Are we parents yet?

The Clements’ IVF Journey

Fail-parenting April 7, 2009

Filed under: General thoughts — Aria @ 10:33 pm

Is this really necessary?

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This is a toddler bed. For $75,000. Each of the wheels is crafted from 100 individual pieces of wood. Hand-carved, hand-tapered, hand-beveled, and the fabric is all silk.

Kids who are nothing more than status symbols get stuff like this and end up like Audrey, the girl who got a brand-spanking new $76,000-Lexus for her 16th birthday, then proceeded to throw a hissy fit and scream and cry that she hated her mother and her mother ruined everything and it’s “not really the car I wanted anyway” – because she got it on a day before her birthday instead of at the party. Audrey’s mom failed as a parent. Period. Any kid that snotty and spoiled means the parents failed. No ifs, ands, or buts about it.

I was chatting with a friend today about people who have kids then pass them off to other people, which is sadly common in this area. Children are a status symbols, nothing more. How else can you explain this ad for a family looking for a “soft-spoken Mary Poppins type” with “All immunizations” (that’s actually listed), among other things, to be the latest collectible “Prada nanny” in this “a multi-staffed, household in Portola Valley” (the comma is there in the ad). The “Responsibilities include everything pertaining to the children, including driving, playing, dressing, feeding, light cooking or warming up food.” That is correct. Everything. But wait! That’s not all!! (You knew more was coming, like a late-night infomercial you can’t stop watching, maybe Billy Mayes, or that Vince-Sham-Wow guy.) They also want this whipping-girl, I mean, nanny, to double as an assistant. “And the assistant portion includes grocery shopping, gift buying, returning items, Internet research, buying on-line, bill paying, children’s parties coordination, photocoping, wrapping presents, etc.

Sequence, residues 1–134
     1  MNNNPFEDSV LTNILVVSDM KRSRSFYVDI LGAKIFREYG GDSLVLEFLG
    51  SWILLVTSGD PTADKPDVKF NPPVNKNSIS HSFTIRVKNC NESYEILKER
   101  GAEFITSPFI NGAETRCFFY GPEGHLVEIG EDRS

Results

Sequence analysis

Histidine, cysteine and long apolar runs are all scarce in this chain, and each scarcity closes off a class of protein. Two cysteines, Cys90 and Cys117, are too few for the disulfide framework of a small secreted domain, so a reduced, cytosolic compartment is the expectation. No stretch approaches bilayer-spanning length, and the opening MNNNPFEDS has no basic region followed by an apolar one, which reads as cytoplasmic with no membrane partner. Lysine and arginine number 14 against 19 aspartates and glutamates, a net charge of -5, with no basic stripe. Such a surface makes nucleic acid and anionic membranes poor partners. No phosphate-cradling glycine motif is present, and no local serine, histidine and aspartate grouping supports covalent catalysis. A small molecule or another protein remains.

Paying their bills?  All their shopping, from on-line stuff to gifts to groceries?!  And there’s the lovely etcetera at the end.  This is two full-time jobs wrapped into one 40-hour work week.  There’s a reason why parenting is tiring, and that’s because you do all this yourself, but you also have more than 40 hours to do it and usually the other parent to share in the domestic side of things as well as the child-rearing responsibilities.

This family is looking for a “second mom” to “assist” a “stay-at-home mom“. But I want to know what this “stay-at-home mom” is doing all day if the “second mom’s” “Responsibilities include:
Offer loving, attentive childcare
Take children to parks, libraries, museums, classes, school, …
Prepare healthy meals
Perform light housekeeping (kitchen clean-up, laundry) and errands

So the person they hire will be attending to the needs of the children, running the 4yo and 20-month-old to school and classes (whatever happened to letting children be children?), cooking for them, and cleaning.  Pardon me if I’m overlooking something here, but what’s really left for the mom to do?